( Fr- grès; Ger- Sandstein; Nor- sandstein; Rus- )
A (left) & C (right). Sandstone. Eagle fetish (width ~ 6 cm) with turquoise eyes by Jeffrey Tsalabutie. (© photo by Light Language Photo Studio, courtesy www.zunifetishesdirect.com)
B (center). Sandstone. Scenic
marketed as Kanab Wonderstone (height - 24.2 cm) from Kanab,
Dietrich collection. (© photo by Dick Dietrich)
DESCRIPTION: Sandstone is sand that has been lithified (i.e.,
turned to rock). Most sand grains of most sandstones are
quartz, the properties of which are given in the GRANITE entry;
the cement, which so-to-speak holds the grains
together, may be such
minerals as calcite or quartz.
Colors - commonly white, off-white, gray, reddish, mauve, tan to rust-brown, commonly mottled, laminated, etc.
H. (effective) 7
Light transmission - opaque with thin pieces of some specimens translucent
Luster - dull to subvitreous
Breakage - irregular to subconchoidal.
OTHER NAMES: Sandstone units are referred to in geologic literature and on geologic maps by formal stratigraphic unit names (see Appendix B, Glossary). -- Two well known examples are the Potsdam Sandstone of northern New York, Vermont and nearby Ontario, Canada; and the Coconino Sandstone of Arizona, Utah and Nevada.
USES: The most common uses of sandstones as decorative stones is placing those like the one illustrated by Figure B in frames for wall hangings. Similar sandstones have been shaped to use as bookends, candle holders, clocks, paperweights, coasters (and for this use frequently have been impregnated); some of these sandstones have had "artwork" etched into, painted on, or otherwise added to their surfaces -- see, for example, Spendlove (1979). Pieces of flagstone with bland surfical characteristics have been engraved with diverse "artwork" and/or words for marketing, particularly as so-to-speak inspirational pieces. A few sandstones have been carved into such things as fetishes (see Figs. A & C), and a "huge, old bust of Buddha ... [sculpted from] slightly calcareous sandstone" has been recorded by Liddicoat (1963-64, p.118). More recently, some small interesting "'Sandstone Arches 'carved' from natural sandstone with wind and water to imitate the famous red rock arches found in Utah." have been advertized and illustrated on the internet.(www.saltlaketogo.com)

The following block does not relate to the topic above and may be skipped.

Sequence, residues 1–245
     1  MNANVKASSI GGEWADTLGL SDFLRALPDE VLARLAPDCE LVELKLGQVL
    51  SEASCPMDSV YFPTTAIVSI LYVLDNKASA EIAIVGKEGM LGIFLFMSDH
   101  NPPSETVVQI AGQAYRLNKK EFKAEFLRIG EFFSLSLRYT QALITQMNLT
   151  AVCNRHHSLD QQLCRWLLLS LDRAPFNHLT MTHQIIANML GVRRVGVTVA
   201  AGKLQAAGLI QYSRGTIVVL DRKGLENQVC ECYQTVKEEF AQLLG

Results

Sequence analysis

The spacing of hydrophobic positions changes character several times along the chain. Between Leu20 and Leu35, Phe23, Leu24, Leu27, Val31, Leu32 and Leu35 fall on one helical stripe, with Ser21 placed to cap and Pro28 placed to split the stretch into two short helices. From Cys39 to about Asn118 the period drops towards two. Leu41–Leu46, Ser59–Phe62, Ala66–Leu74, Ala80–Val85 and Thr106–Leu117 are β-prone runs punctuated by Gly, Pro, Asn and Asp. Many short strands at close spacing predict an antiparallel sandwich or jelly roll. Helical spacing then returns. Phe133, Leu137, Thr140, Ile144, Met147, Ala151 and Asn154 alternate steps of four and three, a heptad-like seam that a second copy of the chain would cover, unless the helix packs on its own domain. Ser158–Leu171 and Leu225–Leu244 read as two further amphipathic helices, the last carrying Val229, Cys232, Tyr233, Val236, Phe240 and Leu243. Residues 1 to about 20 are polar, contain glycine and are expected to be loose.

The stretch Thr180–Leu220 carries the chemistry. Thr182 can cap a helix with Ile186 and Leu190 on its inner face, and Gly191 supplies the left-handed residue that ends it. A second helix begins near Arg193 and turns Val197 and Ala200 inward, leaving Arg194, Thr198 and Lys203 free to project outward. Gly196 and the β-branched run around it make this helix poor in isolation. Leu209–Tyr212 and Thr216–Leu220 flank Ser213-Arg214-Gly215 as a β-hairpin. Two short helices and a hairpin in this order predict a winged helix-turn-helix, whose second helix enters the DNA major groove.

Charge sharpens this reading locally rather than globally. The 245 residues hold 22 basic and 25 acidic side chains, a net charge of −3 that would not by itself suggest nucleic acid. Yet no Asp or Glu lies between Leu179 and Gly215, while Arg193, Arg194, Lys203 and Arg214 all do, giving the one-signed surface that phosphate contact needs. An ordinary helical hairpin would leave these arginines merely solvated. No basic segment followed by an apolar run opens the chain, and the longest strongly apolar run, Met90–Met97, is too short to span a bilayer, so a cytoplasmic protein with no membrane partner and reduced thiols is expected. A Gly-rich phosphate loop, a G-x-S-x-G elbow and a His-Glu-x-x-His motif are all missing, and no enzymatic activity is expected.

OCCURRENCES: Typically in lithified sedimentary sequences consisting wholly or in part of near-shore deposits of clastic fragments.
NOTEWORTHY LOCALITIES: In addition to localities mentioned under the OTHER NAMES subheading, the Potsdam Sandstone of northwestern New York and southern Ontario is one of the flagstones that has been engraved as noted under the USES subheading. Also, an opal-cemented quartz sand, with sporadic pyrite grains, from near Lafayette, Louisiana has been cut and polished as cabochons.REMARKS: The name sandstone is, of course, based on the fact that this rock is made up largely of sand grains.
"Shaman Stones" -- also called "Moqui marbles"
and "Thunderballs" -- from southern Utah have been used as talismans
and toys for untold centuries and more recently also sold as souvenirs.
Though chiefly sandstone, these spheroidal masses, most of which range
between 1 and 8 centimeters in diameter, seem best described as
concretions with sandstone centers and hematite-rich shells.
Discoveries in archaeological excavations indicate that shamans
(shamen?) used these "stones" well before Leif Eriksson landed in North
America; and, today, some people continue to attribute diverse
healing and metaphysical properties to these stones. The Moquis, by the
way, are generally considered to be ancestors of the Hopis.
Potsdam Sandstone flagstones served as the sidewalks in Hammond, Saint Lawrence County, New York (my hometown) until most of them were replaced by concrete during the 1930s, 1940s and 1950s. We "kids" especially enjoyed roller skating on the slabs, with ripple mark surfaces -- they emitted rat-ta-tat, machine gun-like, sounds as we skated over them.
*** "Cast in sandstone" is a description given
replicas of two sculptures -- one of the Indian Maiden (Nakoma)
and girl holding bowls, the other of an Indian warrior (Nakomis) and
boy holding arrows and girl holdof Frank Lloyd Wright's --
advertized in a recent specialty house catalogue. - [I suspect
that the binding material for this apparently predominantly sand
material is either a resin or cement, either of which would be
relatively determined not to be natural cementing material; in
addition, the cast (versus sculpted) characteristic should be easily
***CoasterStone (a trademark) - a resin cemented-sand that is marketed with several different designs, including some that closely resemble scenic sandstones - [may require non-macroscopic means].
***Porcelain called Sandstone - bowls, for example, of this porcelain are marketed. My impression, however, is that the name is not meant to indicate their composition or to suggest that they are made of sandstone. Instead, it appears to be meant to indicate their color. - [Visual inspection should suffice and porcelain has an inferior hardness.].
REFERENCES: No general reference.
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